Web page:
New Chevrolet Utility built to exacting Quality standards


The new third generation Chevrolet Utility is built to General Motors exacting quality standards. The global vehicle maker has set itself the target of being the best in terms of quality in each and every vehicle segment that it competes in globally by the end of 2012. The Chevrolet Utility is the first locally manufactured model from General Motors South Africa designed and built around this requirement.

New Chevrolet Utility

Behind this quality drive is the adoption of General Motors global best practice in manufacturing together with an extensive training regime on the new product. “The end goal is to work towards theoretical ‘zero defect’ manufacturing,” says GMSA Quality Manager, Andy Alexander.

“This requires built-in quality on the line and here we are measured against the quality element of General Motors’ global manufacturing process. Within that process there are five levels of built-in quality each one aimed at achieving a higher level in confidence in build quality with a lower quality verification rate rather than specifying any absolute quality level. At the lowest level for instance, there would be a requirement for 100% quality inspection. In all cases the goal remains the achievement of segment leading quality standards.

“We go into production of the new Chevrolet Utility with the plant at level III, a significant achievement for an all new model in the early production phase. As experience with production grows it is a realistic expectation that the built-in quality level will be improved with a goal of reaching the top level.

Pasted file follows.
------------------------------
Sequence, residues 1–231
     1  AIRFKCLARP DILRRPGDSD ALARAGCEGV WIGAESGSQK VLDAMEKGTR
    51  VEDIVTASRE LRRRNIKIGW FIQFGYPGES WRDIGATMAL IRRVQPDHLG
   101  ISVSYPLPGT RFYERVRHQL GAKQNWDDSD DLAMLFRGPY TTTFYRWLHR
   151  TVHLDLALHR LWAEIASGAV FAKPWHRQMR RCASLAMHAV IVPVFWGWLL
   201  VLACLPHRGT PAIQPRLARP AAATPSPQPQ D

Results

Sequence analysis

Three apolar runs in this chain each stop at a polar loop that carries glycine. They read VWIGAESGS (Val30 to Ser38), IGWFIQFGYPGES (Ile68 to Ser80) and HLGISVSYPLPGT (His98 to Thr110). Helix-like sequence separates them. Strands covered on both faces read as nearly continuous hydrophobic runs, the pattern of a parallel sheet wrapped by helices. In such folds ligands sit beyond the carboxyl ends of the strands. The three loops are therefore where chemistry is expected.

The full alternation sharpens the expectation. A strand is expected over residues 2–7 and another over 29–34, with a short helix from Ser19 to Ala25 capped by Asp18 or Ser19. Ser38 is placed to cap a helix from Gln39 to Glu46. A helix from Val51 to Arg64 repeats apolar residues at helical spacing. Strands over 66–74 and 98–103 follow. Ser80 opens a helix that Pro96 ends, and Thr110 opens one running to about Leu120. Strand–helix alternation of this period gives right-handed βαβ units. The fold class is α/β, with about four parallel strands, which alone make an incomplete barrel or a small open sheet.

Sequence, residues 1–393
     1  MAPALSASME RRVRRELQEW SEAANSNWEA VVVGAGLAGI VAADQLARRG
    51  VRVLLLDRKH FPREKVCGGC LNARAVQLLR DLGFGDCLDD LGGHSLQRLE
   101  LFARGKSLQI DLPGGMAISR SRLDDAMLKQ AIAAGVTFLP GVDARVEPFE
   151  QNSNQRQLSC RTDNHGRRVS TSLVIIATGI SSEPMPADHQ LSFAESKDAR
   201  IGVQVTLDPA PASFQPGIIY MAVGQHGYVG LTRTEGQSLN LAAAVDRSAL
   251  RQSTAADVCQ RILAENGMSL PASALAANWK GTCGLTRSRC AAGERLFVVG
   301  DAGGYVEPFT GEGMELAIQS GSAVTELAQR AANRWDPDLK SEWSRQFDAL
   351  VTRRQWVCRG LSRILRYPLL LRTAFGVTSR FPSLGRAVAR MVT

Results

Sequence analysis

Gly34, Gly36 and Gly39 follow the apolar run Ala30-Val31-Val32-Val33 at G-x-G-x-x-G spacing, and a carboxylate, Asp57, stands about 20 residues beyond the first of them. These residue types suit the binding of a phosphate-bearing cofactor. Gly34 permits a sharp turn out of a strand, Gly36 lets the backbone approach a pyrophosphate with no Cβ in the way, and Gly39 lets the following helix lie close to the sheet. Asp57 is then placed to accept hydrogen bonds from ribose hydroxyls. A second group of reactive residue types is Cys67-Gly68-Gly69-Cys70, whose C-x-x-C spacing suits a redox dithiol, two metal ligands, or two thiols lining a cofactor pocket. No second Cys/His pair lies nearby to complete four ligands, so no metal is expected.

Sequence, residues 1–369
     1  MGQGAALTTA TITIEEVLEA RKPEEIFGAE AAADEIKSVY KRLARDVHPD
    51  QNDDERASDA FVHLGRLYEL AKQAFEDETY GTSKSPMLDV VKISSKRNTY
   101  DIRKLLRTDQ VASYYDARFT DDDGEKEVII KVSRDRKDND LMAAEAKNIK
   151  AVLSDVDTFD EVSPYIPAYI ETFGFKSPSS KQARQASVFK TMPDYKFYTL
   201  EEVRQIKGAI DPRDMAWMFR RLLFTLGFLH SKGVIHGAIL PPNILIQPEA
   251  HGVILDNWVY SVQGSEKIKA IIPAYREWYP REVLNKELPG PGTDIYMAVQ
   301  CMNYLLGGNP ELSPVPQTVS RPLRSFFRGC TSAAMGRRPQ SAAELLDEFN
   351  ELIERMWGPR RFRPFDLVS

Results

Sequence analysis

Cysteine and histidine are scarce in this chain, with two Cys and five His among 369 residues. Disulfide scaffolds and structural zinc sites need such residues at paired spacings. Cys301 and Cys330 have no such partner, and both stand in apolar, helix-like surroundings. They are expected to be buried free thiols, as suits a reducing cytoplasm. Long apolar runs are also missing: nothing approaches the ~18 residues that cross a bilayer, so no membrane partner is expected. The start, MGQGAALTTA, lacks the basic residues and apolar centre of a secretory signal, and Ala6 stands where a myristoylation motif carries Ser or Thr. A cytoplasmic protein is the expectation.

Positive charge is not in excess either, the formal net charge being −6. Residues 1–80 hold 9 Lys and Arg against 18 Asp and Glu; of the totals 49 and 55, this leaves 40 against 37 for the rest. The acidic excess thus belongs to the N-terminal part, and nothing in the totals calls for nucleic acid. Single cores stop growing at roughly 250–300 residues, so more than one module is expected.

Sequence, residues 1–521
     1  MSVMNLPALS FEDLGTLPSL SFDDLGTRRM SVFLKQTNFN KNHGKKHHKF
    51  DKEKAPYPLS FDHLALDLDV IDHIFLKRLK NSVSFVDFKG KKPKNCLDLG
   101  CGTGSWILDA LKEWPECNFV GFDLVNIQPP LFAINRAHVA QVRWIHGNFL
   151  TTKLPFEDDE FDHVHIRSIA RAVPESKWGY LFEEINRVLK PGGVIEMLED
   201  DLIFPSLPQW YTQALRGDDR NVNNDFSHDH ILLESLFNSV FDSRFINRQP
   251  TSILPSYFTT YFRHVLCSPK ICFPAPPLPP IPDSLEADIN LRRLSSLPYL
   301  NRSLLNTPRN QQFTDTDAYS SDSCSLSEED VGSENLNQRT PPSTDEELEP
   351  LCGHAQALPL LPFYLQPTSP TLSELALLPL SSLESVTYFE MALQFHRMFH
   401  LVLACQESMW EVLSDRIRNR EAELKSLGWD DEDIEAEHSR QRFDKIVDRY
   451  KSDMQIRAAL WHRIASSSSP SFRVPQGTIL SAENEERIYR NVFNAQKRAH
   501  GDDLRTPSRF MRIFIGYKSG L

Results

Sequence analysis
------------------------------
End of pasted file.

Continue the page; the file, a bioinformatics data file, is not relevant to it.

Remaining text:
“The responsibility for in plant quality rests with a dedicated team reporting to the quality manager. An important indicator of overall quality for us is the initial acceptance of the vehicle by our customers, usually monitored by the initial quality surveys compiled by research organisations such as JD Power and Synovate.

“To gauge this initial quality we place a number of vehicles in what we call a Captured Test Fleet, using company staff who evaluate vehicles in the pre-launch phase to provide us with feedback on quality issues. We have also started following GM’s global lead by inviting comment directly from these research organisations in the pre-launch phase to assist us in identifying potential customer issues ahead of model introduction based on their store of knowledge of issues commonly reported to them.

“The quality drive at GM doesn’t only revolve around built-in quality. It extends to identifying and resolving quality issues in the field as well and here we have a dedicated team charged with monitoring and investigating quality issues as and when they become apparent in the market place. The first trigger of a quality issue will likely be a warranty issue that will be flagged in the Global Warranty System but we also have a comprehensive system to monitor issues that present at dealer workshop level.

“By adopting this pro-active stance we are able to get very quick feedback on real quality issues and place those in the system for rectification at manufacturing level. With a locally manufactured vehicle like the Chevrolet Utility information from the field would be routed to Aftersales, Quality, Supply Quality, Product Engineering and Manufacturing divisions for a resolution either in house or in consultation with the relative component supplier where the fault lies, with a view to correction. Where issues are encountered with imported units the feedback is reported back to source plants all over the globe for their attention and correction.”

“We are proud of the level of initial quality achieved with the new Chevrolet Utility as it enters the market place. We were set a target of compliance with global quality standards and our product fully stands up to the inspection and audit processes that are a part of that compliance.”